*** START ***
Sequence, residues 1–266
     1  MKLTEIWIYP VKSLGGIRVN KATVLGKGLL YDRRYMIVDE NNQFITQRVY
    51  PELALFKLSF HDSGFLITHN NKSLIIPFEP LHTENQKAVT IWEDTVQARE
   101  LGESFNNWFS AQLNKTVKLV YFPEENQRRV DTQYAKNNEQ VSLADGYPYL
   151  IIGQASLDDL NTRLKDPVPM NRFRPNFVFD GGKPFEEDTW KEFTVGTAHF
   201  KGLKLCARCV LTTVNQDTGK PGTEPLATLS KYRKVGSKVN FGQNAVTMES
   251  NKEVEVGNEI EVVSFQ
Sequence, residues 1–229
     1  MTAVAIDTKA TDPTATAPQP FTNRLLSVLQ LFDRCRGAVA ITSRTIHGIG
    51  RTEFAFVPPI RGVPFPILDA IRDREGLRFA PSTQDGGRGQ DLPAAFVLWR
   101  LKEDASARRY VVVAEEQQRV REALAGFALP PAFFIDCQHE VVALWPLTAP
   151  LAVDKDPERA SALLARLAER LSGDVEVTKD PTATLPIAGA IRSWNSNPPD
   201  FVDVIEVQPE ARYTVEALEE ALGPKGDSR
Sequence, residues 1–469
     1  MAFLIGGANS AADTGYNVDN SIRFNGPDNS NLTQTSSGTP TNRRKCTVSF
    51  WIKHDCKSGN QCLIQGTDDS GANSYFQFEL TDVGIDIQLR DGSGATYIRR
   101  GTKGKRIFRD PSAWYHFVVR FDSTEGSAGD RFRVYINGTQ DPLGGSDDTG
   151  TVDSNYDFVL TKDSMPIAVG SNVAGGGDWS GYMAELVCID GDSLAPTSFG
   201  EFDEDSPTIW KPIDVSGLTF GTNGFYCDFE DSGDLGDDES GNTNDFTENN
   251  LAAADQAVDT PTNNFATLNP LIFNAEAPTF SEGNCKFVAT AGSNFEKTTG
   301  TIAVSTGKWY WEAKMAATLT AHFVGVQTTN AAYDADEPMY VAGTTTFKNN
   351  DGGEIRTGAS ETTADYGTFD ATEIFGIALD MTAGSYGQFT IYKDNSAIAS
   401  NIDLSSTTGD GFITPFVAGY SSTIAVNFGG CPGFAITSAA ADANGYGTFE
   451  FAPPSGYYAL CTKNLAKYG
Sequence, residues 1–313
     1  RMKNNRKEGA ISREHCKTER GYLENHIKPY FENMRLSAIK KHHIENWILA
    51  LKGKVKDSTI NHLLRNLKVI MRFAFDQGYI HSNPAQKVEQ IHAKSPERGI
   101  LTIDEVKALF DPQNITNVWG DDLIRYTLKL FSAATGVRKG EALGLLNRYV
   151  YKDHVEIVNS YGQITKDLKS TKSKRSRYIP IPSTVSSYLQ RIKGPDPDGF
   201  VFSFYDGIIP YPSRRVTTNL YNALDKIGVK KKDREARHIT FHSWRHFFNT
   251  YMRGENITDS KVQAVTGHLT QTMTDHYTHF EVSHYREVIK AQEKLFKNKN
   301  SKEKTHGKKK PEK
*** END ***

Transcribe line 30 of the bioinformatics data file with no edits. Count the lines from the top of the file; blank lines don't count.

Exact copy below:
   201  VFSFYDGIIP YPSRRVTTNL YNALDKIGVK KKDREARHIT FHSWRHFFNT